It was in March 1998. I and my late father were on our way to my school in Khaling. My uncle and aunt with whom we were living at the time had given us only Nu.500 to go to Khaling which was not enough even for the one-way journey, forget about the round-trip for my late father who had to return home after reaching me to school. But fortunately during those days, we used to get money from the school for the return journey which used to be enough for our escorts. With Nu.400 in the pocket after paying the bus fares, we boarded a passenger bus in Samtse bound for Phuntsholing at around 8 o’clock in the morning. My uncle and aunt also boarded the same bus to go to Phuntsholing to see aunt’s brother who had met with an accident and was in Phuntsholing hospital. But from the moment we got out of the house, we walked as if we were strangers. They never bothered to talk to us even in the bus. When we reached Phuntsholing, they had left without saying a word to us. Read more
Due to the intensive development of wireless communication technologies in the world today, our atmosphere is being loaded with thousands of low intensity microwaves which travel through us at various frequencies every second. If visible, you would see that the air, be it at home or anywhere else, hosts a huge traffic of such electromagnetic radiation and we are just caught in between those waves. The sad thing is that there’s no physical boundary for these waves and we can’t see what do they do to our nervous system when they pass through our brain.
I must have been little more than 9-years-old and I was still recovering from the painful experience of having lost my sight. As a visually impaired child, I had been busy finding ways to adapt myself to the new environment which I had lived in only at nights. But as days piled up into weeks and then to months, I slowly began to find some comfort in my new world. My life started rolling back to normalcy as children of my age in the neighborhood resumed to play with me although I was never the same person who had played with them before. It was in Trashila in Wangdue Phodrang where we had to travel on a cable-box from Chhu Zomsa. My father was working for a company which produced charcoal. Most of the people working there were from our village in Chengmari, Samtse and hence, we lived as a small community.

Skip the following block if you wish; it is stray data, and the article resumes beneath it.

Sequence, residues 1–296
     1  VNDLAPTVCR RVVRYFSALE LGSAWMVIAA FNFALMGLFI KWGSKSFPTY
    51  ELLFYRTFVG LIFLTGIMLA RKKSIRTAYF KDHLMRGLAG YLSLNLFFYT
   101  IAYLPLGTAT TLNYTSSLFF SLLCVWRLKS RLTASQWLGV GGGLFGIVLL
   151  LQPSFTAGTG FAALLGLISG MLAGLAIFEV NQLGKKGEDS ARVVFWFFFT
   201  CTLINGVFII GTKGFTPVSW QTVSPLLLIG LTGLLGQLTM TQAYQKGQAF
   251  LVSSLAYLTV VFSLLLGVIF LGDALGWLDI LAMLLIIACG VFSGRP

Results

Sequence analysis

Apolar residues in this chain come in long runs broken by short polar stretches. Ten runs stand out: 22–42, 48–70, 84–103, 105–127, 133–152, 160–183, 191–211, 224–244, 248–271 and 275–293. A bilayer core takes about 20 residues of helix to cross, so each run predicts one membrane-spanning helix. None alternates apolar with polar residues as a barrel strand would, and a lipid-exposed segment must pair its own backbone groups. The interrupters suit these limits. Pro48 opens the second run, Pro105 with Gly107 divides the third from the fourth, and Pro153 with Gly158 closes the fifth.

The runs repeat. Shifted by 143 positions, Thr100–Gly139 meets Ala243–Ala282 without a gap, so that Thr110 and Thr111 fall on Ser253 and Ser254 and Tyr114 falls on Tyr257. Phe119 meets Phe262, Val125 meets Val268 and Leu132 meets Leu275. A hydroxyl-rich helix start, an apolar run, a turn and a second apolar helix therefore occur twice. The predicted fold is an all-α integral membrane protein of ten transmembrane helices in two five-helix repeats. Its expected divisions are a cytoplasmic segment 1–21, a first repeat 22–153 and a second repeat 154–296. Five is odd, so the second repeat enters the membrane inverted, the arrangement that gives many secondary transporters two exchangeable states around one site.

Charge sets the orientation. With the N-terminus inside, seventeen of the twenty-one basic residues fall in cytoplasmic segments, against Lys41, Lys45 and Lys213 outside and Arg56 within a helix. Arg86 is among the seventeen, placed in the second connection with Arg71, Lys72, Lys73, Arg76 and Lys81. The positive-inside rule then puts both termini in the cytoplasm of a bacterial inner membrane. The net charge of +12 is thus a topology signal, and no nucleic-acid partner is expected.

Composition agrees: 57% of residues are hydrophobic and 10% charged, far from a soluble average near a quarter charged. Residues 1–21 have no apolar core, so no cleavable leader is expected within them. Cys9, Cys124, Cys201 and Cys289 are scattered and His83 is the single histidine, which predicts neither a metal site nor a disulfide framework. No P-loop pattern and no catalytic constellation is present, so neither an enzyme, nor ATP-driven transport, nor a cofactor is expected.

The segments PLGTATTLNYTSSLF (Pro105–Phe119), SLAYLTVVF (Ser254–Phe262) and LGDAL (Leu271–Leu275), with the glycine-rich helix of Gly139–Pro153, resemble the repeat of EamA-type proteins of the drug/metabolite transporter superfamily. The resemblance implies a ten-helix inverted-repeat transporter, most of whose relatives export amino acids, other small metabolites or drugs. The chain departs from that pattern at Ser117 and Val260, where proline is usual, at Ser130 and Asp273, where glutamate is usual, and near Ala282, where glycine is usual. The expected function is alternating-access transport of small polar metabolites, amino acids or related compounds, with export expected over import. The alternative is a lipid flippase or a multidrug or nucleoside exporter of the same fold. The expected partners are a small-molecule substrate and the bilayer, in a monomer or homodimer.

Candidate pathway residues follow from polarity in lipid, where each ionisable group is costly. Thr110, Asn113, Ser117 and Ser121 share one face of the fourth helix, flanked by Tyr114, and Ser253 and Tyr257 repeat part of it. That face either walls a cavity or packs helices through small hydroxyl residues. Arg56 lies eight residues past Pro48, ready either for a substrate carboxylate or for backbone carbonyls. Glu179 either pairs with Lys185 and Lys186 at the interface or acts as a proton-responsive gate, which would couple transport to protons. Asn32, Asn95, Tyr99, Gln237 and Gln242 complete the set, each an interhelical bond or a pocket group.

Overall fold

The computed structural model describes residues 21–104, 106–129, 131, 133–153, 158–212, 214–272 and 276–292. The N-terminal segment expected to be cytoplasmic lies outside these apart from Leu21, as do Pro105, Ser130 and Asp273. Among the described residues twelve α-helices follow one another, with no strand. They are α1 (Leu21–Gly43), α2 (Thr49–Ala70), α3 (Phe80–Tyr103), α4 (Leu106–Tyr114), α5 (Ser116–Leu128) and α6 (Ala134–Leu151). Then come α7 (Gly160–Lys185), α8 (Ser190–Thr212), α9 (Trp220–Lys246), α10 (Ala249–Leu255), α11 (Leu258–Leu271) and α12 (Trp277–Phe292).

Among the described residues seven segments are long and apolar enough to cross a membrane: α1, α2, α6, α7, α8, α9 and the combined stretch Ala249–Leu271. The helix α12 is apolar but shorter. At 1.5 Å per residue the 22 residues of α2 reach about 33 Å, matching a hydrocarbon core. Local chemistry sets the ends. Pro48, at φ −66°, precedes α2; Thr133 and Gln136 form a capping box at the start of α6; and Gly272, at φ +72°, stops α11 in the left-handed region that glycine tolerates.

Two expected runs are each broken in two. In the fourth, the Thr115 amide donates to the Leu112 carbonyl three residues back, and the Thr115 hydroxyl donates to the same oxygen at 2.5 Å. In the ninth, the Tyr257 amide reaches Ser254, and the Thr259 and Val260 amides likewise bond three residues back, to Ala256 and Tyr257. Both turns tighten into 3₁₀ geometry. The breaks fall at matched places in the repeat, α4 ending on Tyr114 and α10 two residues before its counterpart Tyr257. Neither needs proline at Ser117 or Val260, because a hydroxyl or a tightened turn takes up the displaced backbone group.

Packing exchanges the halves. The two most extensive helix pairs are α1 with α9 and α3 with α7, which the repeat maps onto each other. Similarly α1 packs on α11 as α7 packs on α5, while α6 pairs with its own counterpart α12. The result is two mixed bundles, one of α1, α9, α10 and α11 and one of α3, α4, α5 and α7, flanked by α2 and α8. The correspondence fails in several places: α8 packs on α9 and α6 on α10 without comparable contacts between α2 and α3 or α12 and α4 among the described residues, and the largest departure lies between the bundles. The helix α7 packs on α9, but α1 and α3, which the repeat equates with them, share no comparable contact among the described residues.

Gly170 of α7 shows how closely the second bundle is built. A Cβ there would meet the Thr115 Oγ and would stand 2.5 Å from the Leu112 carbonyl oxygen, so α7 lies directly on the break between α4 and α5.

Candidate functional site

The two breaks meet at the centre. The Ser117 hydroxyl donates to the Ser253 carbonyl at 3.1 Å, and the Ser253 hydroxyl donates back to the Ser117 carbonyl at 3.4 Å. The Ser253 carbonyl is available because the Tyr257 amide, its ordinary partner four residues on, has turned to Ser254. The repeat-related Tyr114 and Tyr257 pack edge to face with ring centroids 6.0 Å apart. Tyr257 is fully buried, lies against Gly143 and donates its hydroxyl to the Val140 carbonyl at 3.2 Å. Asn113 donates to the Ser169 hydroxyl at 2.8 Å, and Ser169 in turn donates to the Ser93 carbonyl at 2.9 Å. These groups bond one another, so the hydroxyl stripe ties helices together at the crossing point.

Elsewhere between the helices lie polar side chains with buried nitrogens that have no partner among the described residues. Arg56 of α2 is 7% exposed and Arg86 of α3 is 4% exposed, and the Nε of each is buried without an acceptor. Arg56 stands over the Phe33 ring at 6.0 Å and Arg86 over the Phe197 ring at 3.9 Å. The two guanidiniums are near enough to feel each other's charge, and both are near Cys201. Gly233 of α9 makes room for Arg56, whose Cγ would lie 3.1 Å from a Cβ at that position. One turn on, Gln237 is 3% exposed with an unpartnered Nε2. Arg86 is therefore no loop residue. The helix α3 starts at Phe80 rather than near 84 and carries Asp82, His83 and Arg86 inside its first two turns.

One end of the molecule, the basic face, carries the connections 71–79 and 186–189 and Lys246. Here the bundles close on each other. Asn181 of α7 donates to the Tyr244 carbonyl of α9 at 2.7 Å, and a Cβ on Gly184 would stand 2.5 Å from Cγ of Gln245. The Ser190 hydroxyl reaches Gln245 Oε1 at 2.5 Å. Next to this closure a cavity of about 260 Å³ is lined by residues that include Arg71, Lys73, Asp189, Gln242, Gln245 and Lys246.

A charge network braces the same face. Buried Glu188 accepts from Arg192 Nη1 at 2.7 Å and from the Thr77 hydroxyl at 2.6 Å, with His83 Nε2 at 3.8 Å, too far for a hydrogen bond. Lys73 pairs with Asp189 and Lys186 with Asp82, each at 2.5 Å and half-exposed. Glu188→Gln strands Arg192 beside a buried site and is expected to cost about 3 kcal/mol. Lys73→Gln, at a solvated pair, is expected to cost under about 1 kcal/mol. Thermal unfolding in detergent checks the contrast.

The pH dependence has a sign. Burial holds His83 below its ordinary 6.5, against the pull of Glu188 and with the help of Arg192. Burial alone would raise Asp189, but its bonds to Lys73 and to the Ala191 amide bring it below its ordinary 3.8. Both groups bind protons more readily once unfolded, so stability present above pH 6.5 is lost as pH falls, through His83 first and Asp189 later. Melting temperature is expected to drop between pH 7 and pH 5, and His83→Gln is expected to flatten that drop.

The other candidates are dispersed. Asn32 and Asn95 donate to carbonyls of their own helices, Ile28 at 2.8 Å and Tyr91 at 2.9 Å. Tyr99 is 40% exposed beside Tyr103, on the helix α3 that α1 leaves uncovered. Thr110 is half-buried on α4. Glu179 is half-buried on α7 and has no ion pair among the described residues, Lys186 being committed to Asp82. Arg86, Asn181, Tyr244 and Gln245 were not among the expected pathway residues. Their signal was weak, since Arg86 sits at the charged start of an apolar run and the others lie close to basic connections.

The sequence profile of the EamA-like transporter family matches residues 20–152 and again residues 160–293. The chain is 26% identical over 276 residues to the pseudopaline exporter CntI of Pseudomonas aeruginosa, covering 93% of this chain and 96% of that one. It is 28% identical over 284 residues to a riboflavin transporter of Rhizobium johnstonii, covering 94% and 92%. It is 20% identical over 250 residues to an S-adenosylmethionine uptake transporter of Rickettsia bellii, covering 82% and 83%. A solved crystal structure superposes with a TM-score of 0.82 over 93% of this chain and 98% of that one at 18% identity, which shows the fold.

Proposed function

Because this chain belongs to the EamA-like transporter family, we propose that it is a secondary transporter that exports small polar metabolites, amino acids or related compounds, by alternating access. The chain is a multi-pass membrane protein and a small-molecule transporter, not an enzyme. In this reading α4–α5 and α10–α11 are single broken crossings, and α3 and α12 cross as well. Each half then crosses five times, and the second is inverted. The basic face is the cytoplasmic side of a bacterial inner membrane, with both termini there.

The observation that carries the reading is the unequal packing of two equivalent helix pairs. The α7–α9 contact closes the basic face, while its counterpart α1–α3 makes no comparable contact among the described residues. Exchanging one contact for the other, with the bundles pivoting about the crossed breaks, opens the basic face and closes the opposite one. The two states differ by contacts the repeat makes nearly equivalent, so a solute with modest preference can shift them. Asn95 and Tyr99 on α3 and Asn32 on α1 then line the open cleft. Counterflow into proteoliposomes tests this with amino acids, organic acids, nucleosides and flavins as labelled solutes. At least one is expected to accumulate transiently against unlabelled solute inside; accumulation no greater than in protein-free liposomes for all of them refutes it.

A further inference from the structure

On 11th September 2005, the telephone rang and the news came of my father’s death. He was 71. At that time, I and my wife were busy preparing to go to see him in Samtse hospital where he was being treated for jaundice. We had already bought bus tickets to go to Samtse, but when the devastating news came in, I lost my world. Everything went blank in my head and I broke down in tears even before hanging up the receiver. My wife and her brother consoled me saying it’s part of human existence but even the reminder of that universal truth did not do much to make me feel better. At the time, I was attending the National Graduate Orientation Program (NGOP) in Thimphu and I was waiting for the program to end but just then, the tragedy befell me. As soon as the program ended, I and my wife rushed to Samtse to attend my late father’s funeral. My paternal uncle who oversaw the cremation had waited for my arrival to bury my father’s body.
A couple of weeks ago, I was talking to a group of young people in a youth forum which was organized to promote services and facilities provided at the Youth Center. One of the main objectives of the forum was to attract more youth to the Center and to instill in them a sense of ownership of the services and facilities provided at the Center. I told them that the Royal Government of Bhutan has spent a huge amount of money in developing the entire infrastructures and facilities with a firm belief that they would benefit young people of Bhutan. So, I told them that all the facilities and services we provide at the Youth Center belong to them and that they must fully own them with a sense of responsibility.
Beauty has her way to the city misled
Where to lave in her own tears is she made;
And although equally placed among mankind is she,